The navigation of a traditionally masculine sport: a gendered exploration of resource access in rugby

Navigation of a traditionally masculine sport

In this study, women described limited visibility of the women's game. This included the men's teams failing to reciprocate support for the women's teams, a lack of recognition for women players, and men's unawareness of their club's women's team. These sentiments were pervasive, with participants reporting that rugby was synonymous with men's rugby. This under-appreciation of the women's game was viewed as societal norm that perpetuates gender stereotypes.

Hard and soft infrastructure: who needs what?

Participants discussed gender biases in resource access, predominantly in relation to physical resources, coaching quality, opportunities, and pitch-side medical resources. Managers were reported to be disproportionately male, and to exhibit gender bias in their actions. Women players reported a widespread under-prioritisation of their teams, with insufficient player numbers precluding the formation of second teams. This often resulted in inexperienced players competing beyond their ability, undermining their experience of the sport. These findings highlight the ways in which gender biases are embedded within rugby clubs.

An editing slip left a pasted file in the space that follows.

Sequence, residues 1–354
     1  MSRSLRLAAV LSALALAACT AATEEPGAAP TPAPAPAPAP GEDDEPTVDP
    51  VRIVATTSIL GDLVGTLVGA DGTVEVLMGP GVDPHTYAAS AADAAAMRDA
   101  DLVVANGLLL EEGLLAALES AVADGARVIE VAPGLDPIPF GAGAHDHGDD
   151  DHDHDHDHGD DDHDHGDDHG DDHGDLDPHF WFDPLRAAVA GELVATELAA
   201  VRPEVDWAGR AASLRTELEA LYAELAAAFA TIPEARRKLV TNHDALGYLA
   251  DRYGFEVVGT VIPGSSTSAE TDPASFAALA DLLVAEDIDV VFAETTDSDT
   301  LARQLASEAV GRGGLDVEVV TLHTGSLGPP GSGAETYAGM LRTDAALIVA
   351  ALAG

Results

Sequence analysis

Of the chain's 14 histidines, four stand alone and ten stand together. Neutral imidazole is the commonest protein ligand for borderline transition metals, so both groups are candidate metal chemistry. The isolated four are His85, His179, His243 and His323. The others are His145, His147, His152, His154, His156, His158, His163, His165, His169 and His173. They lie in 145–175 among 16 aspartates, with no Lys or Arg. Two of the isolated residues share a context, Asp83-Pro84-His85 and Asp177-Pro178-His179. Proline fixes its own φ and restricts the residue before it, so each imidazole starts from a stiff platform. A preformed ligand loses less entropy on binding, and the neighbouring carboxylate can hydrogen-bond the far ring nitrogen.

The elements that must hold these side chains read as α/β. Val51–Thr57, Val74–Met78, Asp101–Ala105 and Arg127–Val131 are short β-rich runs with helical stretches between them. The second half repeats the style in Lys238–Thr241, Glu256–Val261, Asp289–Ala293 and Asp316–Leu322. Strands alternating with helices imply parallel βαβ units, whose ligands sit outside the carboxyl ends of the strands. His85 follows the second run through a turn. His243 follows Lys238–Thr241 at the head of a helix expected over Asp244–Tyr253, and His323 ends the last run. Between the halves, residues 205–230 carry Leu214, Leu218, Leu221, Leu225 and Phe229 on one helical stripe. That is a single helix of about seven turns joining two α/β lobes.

Findings

This exploratory study highlights a need to address issues of gender bias in rugby to protect player welfare. To enact meaningful change, interventions to change culture within rugby clubs, and increased representation of women in managerial positions in rugby, are recommended.

Limitations

This study was undertaken in the UK and therefore, findings may not be generalisable. The small sample size necessitated an opportunistic sampling approach, and so findings may not be representative. Whilst the study benefitted from interviewing a non-binary participant, findings may not fully represent their experience, as challenges specific to non-binary individuals may not have been explored.

Conclusion

This exploratory study highlights a need to address gendered experiences in rugby to protect player welfare. Such experiences include limited visibility of the women's game, and gender biases in resource access that disadvantage women players. To protect player welfare, cultural change interventions within clubs, and increased representation of women in managerial positions in rugby, are recommended.

Acknowledgements

The authors would like to thank the participants for giving up their time to speak to us. This research would not have been possible without them. We are also extremely grateful to Dr Nicola Payne for her advice and support with recruitment, and Dr Emma Holyoake and Dr Kate Ingle for their advice and support with reflexive thematic analysis. This project has received funding from the Economic and Social Research Council (ESRC) under the Scholarship for Strengthening Impact of Social Sciences (ESRC SSISS), awarded to Freja Petrie (Ref: 323059).

References

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Mackintosh K, McNarry M, Starbuck C, Holyoake K, Ingle K, Rees D. An exploration of community rugby union players' perceptions of the ideal

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